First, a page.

Here are three shots I took with the D3 to illustrate the information gathered/displayed by the N1.

Solmeta N1
(view large image)
Solmeta N1
(view large image)
Solmeta N1
(view large image)
Solmeta N1
(view large image)
Solmeta N1
(view large image)
Solmeta N1
(view large image)

 

When you bring up the GPS data page while reviewing in the camera, it is overlaid on the actual image. The data can also be displayed by Nikon's Capture software during review on a computer.

The first image is a shot of a galaxy far, far away. Actually, it's a shot of a shot by the Hale 200 inch telescope at Caltech's Palomar Mountain Observatory complex near my home, and with it the GPS data page generated by the N1. Note the altitude.

The second was taken about 80 yards up an incline toward the main telescope's dome. Slightly different lat-long data, as well as altitude. The final one was miles away in the Borrego Desert, and you can see more significant lat-long and altitude changes. I had brought one of my personal hand-held Garmin GPS units along on the shooting trip, and received consistent readouts with those of the Solmeta. The unit is so small and installation on the camera so natural that pretty soon you find yourself not even aware of the unit being onboard.

Conclusions

GPS information for each image is not something for everyone. If I take the camera to Disneyland, I pretty much know where I'm at. But on a trip with friends through Europe a few years back (my last trip shooting film), those fjords, mountains, and other majestic scenery started to run together in our minds. Shots from London were easy to identify on sight, but rural England or Normandy in France were not. The first thing my wife said when I showed her the N1 and told her what it did was, "too bad we didn't have that for the Europe trip." Sure, digital cameras can be set to record dates and times, and that can be a help in identifying difficult sites. But nothing identifies a site like the lat-long, and that's the extra level of information provided by the N1.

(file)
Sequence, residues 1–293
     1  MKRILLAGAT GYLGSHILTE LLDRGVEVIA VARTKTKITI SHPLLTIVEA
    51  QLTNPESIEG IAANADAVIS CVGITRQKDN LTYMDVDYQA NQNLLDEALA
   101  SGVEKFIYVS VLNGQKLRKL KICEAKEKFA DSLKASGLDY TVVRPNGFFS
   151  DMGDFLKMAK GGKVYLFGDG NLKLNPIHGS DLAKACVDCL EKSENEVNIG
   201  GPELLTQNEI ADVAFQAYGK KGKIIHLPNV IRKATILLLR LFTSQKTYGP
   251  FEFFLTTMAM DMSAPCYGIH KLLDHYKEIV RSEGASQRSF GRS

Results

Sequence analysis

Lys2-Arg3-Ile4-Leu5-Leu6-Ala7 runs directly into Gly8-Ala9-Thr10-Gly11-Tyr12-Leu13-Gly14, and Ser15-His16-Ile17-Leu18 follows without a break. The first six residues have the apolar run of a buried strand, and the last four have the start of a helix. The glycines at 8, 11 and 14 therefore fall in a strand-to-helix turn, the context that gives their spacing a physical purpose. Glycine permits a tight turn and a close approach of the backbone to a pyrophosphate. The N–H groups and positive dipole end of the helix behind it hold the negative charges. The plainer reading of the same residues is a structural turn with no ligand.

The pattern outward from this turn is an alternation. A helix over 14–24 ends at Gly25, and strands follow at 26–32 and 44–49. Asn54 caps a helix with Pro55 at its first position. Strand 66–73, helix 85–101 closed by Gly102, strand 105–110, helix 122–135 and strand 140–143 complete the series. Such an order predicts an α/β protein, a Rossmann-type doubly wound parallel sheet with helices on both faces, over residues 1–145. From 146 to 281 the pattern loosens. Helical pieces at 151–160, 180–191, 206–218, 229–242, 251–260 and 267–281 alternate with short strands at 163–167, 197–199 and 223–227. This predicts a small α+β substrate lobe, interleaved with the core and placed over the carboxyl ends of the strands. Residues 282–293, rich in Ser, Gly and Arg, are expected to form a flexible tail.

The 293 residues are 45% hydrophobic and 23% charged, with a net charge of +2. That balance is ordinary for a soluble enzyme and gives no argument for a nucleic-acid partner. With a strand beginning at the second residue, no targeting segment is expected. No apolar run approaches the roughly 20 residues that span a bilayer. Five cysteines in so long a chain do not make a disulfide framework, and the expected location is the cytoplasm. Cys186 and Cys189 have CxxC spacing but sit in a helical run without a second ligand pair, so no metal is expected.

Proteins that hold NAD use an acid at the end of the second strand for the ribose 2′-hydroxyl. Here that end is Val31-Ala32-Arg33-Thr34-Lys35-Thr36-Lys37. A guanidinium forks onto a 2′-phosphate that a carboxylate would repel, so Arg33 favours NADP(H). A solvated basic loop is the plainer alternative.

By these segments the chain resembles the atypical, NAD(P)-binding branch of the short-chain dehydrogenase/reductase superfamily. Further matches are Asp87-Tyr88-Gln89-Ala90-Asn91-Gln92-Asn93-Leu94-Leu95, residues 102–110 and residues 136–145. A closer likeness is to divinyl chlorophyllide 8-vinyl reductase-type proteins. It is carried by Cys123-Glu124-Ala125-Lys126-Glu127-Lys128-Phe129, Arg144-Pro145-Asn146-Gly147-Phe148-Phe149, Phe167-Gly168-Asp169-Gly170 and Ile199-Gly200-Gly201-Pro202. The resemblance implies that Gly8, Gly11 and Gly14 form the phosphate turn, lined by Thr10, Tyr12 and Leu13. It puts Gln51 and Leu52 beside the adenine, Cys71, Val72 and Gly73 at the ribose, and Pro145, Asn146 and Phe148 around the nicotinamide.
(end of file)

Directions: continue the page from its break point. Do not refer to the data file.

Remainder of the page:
The N1 seems well-built and is quick and easy to use. It's light and compact, almost to the point of not even being there, and it eliminates the need for Nikon and PC connector cables in order to utilize a standard GPS for data gathering.

I've shot Nikon equipment since 1975, and I've always been a tiny bit leery of using "third party" equipment: with some third-party flash units and lenses known to give users fits, I was concerned. How would the Solmeta fare? Would it work? Thankfully, worrying about the Solmeta turned out to be a waste of time and energy. The N1 mated up to the D3 with no problems, and worked flawlessly in terrain ranging from seashore to mountain top to desert. Single frames per second or high speed shooting rates were all no problem. I shot it on my D300, D2x, and D200 as well, and it never missed a beat. In short, if you're in the market for GPS capability for your DSLR, Solmeta is worth a long look based on my experience with their N1.

The N1 is available from Solmeta for $288 USD, shipping included. Their website is www.solmeta.com.

Pros:

Cons:

Solmeta N1 GPS Specifications:

Electrical CharacteristicsGPS Chipset: SiRF Star III
Frequency:
L1, 1575.42 MHz
C/A Code:
1.023 MHz chip rate
Channels:
20 channel
Tracking sensitivity:
-159dBm
Acquisition RateHot start: 1 sec., average
Warm start: 38 sec., average
Cold start: 42 sec., average
Reacquisition: 0.1 sec., average
AccuracyPosition Horizontal: 10 meters, 2D RMS
1-5 meters 2D RMS, WAAS corrected
Velocity: 0.1m/sec.
Weight50 grams